Ideal observer theory

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Ideal observer theory is the meta-ethical view which claims that ethical sentences express truth-apt propositions about the attitudes of a hypothetical ideal observer. In other words, ideal observer theory states that ethical judgments should be interpreted as statements about the reactions that a neutral and fully informed observer would have; "x is good" means "an ideal observer would approve of x".

The main idea [of the ideal observer theory] is that ethical terms should be defined after the pattern of the following example: "x is better than y" means "If anyone were, in respect of x and y, fully informed and vividly imaginative, impartial, in a calm frame of mind and otherwise normal, he would prefer x to y."[1]

This makes ideal observer theory a subjectivist[2] yet universalist form of cognitivism. Ideal observer theory stands in opposition to other forms of ethical subjectivism (e.g. moral relativism, and individualist ethical subjectivism), as well as to moral realism (which claims that moral propositions refer to objective facts, independent of anyone's attitudes or opinions), error theory (which denies that any moral propositions are true in any sense), and non-cognitivism (which denies that moral sentences express propositions at all).

Adam Smith and David Hume espoused versions of the ideal observer theory. Roderick Firth laid out a more sophisticated modern version.[3] According to Firth, an ideal observer has the following specific characteristics: omniscience with respect to nonmoral facts, omnipercipience, disinterestedness, dispassionateness, consistency, and normalcy in all other respects. Notice that, by defining an Ideal Observer as omniscient with respect to nonmoral facts, Firth avoids circular logic that would arise from defining an ideal observer as omniscient in both nonmoral and moral facts. A complete knowledge of morality is not born of itself but is an emergent property of Firth's minimal requirements. There are also sensible restrictions to the trait of omniscience with respect to nonmoral facts. For instance, to make a moral judgment about a case of theft or murder on Earth it is not necessary to know about geological events in another solar system.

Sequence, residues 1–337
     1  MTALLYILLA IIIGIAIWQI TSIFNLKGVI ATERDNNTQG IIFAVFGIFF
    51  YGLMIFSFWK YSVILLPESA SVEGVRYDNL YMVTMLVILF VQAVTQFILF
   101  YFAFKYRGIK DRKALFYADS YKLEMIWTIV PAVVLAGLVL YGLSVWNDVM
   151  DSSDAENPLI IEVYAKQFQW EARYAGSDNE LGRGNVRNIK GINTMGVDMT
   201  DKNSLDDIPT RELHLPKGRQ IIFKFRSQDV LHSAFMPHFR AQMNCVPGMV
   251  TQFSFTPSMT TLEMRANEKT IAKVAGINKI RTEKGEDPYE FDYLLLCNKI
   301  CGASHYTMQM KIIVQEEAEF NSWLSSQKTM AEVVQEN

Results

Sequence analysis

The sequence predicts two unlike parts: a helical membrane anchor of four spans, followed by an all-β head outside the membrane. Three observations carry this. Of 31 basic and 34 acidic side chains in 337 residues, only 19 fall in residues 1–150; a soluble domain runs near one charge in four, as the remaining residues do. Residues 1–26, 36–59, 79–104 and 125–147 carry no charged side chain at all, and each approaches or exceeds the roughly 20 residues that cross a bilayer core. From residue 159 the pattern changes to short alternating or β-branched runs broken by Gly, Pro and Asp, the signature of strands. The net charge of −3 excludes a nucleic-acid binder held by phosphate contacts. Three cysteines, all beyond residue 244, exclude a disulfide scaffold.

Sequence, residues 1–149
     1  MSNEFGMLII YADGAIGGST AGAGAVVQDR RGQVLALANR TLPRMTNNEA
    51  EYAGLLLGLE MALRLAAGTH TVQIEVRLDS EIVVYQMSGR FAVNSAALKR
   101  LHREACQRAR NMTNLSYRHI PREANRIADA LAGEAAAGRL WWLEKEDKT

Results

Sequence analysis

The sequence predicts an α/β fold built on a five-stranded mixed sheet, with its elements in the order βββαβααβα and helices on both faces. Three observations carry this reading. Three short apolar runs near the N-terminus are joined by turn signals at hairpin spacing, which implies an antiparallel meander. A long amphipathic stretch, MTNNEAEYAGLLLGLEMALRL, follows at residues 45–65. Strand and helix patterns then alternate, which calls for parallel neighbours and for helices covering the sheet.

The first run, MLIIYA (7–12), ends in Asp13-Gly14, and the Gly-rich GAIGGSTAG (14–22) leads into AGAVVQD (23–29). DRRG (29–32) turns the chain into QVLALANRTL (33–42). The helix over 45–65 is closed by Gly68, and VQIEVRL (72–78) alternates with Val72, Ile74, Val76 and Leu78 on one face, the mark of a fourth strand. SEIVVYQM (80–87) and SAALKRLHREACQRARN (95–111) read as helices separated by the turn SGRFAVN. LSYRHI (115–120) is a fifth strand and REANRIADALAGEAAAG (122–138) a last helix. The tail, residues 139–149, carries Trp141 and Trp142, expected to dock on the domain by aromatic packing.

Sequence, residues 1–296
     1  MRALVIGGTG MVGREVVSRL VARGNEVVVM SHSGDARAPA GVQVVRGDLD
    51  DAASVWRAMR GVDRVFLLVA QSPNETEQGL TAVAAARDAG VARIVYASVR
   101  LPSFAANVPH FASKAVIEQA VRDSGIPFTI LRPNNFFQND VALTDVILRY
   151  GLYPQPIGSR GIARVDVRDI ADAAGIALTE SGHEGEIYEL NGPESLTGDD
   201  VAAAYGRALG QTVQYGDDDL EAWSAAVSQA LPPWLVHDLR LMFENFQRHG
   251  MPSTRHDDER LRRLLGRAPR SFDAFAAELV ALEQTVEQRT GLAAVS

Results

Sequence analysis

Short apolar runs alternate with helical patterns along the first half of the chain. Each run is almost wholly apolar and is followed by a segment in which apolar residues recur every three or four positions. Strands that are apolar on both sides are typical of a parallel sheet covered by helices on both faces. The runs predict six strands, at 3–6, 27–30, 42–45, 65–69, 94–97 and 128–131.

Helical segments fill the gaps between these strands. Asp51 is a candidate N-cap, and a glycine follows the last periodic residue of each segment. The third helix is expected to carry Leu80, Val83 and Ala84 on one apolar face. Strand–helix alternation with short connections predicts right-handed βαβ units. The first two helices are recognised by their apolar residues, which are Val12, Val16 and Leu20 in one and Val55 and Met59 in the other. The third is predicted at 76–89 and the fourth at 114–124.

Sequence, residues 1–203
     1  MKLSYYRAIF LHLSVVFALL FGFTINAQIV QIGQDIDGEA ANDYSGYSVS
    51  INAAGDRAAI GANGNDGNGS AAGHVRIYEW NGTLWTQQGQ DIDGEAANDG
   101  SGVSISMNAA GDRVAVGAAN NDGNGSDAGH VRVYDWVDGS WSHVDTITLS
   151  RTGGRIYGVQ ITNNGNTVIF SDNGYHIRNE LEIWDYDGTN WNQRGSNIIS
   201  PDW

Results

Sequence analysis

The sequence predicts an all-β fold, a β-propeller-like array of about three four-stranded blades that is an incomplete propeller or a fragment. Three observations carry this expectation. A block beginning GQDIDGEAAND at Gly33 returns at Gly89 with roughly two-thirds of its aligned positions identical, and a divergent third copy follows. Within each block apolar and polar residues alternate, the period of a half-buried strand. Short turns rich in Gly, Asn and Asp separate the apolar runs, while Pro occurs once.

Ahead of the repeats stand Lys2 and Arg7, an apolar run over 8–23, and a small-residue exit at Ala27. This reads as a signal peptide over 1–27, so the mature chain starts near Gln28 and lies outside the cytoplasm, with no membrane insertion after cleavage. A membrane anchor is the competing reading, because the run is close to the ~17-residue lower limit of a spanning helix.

Those using the ideal observer theory do not usually assert that ideal observers actually exist. An analogous idea in law is the reasonable person criterion.


  1. ^ Brandt, Richard (1959). "Ethical Naturalism". Ethical Theory. Englewood Cliffs: Prentice Hall. p. 173. LCCN 59010075.
  2. ^ Brandt 1959, p. 153: "[Objectivism and subjectivism] have been used more vaguely, confusedly, and in more different senses than the others we are considering. We suggest as a convenient usage, however, that a theory be called subjectivist if and only if, according to it, any ethical assertion implies that somebody does, or somebody of a certain sort under certain conditions would, take some specified attitude toward something."
  3. ^ Firth, Roderick (March 1952). "Ethical Absolutism and the Ideal Observer". Philosophy and Phenomenological Research. 12 (3): 317–345. doi:10.2307/2103988. JSTOR 2103988.

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